A marginal severe weather weekend brought about another chance of storms across Eastern Nebraska. While tornado chances were very low, there was a pretty good chance of severe storms.
SPC had originally outlined a slight risk for Eastern Nebraska without outlining a tornado risk, but at the 1630Z update they introduced a tiny 2% tornado risk along the US 30 corridor from Central City to Omaha.
My original plan was to head to Columbus along the frontal boundary that was expected to be draped across the area even though dewpoints were only expected to be in the mid to upper 50s.
I left Grand Island at 18z and shortly afterwards the SPC issued a mesoscale discussion for the US 30 corridor indicating the building cumulus field that was developing. While dewpoints were meager, the very cold air aloft was expected to provide more than enough buoyancy for storm development.
As I approached Silver Creek I began to be concerned about my trajectory into the void in the cumulus field north of US 30 so I decided to drop south there to highway 92.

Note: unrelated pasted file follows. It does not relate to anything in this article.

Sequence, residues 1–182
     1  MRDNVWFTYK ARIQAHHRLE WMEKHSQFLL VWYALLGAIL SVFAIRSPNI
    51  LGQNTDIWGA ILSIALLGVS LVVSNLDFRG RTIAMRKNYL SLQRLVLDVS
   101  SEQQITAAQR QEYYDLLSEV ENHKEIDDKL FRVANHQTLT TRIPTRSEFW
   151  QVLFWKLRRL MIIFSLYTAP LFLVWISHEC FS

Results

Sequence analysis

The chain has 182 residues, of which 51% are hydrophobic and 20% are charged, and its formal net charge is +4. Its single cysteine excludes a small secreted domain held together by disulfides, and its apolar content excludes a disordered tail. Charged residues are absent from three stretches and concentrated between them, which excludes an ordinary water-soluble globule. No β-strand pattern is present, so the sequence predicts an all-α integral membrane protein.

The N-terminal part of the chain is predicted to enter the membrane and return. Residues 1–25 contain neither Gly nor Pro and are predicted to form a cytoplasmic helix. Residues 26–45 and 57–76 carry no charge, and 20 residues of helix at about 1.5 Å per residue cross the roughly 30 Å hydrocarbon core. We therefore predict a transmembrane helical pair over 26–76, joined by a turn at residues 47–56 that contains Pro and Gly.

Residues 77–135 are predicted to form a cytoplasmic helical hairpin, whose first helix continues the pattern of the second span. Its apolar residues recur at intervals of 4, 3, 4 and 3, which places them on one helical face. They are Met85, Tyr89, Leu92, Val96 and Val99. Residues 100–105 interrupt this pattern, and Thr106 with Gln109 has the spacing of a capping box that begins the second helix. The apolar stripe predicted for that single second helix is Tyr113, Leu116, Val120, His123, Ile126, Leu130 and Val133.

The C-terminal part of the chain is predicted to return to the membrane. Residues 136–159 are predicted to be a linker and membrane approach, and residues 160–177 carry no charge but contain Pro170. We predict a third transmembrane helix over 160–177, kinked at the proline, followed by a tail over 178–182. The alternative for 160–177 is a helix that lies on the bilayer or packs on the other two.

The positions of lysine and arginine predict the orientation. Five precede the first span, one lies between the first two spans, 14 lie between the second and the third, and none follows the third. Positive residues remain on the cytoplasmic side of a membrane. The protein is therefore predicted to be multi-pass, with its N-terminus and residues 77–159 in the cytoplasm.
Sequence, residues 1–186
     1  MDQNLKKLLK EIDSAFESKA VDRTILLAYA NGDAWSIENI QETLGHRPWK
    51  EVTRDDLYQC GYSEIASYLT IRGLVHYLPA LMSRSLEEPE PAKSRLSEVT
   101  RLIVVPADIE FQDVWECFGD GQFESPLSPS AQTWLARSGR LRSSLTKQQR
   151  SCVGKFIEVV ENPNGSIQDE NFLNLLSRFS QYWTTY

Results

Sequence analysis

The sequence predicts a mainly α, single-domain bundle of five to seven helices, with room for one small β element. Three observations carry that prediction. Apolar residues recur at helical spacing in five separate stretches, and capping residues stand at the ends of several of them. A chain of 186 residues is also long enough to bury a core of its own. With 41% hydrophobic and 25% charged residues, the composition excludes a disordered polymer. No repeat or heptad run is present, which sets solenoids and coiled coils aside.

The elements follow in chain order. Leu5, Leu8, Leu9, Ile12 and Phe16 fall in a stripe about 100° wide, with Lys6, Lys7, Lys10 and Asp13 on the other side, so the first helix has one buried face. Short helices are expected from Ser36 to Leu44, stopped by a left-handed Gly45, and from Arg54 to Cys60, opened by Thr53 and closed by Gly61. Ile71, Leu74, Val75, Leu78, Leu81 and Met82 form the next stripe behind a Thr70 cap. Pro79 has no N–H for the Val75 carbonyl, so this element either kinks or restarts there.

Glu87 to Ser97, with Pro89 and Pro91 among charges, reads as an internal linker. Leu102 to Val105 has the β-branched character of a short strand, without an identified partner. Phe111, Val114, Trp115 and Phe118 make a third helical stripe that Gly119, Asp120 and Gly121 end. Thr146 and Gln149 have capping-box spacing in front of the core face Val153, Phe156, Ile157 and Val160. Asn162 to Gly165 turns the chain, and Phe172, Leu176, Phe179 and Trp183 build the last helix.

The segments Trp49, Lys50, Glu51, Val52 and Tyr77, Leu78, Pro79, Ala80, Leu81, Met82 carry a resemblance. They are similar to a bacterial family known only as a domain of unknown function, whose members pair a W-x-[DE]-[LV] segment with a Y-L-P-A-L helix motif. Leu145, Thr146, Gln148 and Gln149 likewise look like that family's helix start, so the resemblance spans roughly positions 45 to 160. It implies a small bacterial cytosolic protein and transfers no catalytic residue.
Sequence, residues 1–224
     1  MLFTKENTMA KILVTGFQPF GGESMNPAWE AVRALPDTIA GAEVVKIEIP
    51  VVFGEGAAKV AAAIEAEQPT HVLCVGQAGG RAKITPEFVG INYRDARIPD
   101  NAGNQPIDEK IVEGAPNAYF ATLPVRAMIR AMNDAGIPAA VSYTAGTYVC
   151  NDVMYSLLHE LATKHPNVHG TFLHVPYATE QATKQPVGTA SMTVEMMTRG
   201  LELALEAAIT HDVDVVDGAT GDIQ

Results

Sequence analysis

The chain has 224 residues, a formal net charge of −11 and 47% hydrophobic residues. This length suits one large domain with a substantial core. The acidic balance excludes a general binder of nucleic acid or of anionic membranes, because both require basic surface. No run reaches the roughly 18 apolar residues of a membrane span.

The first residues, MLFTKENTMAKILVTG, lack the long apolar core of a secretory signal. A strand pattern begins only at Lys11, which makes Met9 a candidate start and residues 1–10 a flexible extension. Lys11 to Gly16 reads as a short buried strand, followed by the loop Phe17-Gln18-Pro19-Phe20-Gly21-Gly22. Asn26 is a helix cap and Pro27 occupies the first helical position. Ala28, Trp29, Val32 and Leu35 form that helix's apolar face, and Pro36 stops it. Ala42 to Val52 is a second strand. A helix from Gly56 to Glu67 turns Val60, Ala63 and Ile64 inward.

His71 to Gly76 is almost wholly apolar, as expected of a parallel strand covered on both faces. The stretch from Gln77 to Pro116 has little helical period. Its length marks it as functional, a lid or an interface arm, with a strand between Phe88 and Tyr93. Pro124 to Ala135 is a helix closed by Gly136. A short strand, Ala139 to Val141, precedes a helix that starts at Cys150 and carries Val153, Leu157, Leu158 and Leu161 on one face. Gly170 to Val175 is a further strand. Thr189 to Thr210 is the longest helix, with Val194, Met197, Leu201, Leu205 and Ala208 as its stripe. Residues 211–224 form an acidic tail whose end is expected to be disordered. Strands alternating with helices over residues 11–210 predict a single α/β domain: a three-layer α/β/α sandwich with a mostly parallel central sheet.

Around 20z, cells started to develop along the boundary northwest of Lincoln so I continued east to get a look.
Storms continued to develop nearby and drift east-southeast eventually consolidating into a mass of storms. Meanwhile a rather robust storm began to develop back east of Grand Island so I decided to bail on the eastern stuff and head back west to check out the new development.
Of course, while I was blasting back west the Lincoln complex went tornado warned which eventually was verified as an EF-2 tornado in Lincoln after a NWS survey the following afternoon.
While the storm looked rather gnarly, it was weakening on radar as additional development on the flank seemed to be interfering. Eventually I decided to call it a chase and headed back home!
|Grand Island, NE @ 05/1751Z||Grand Island, NE @ 06/0050Z||06 hours, 59 minutes|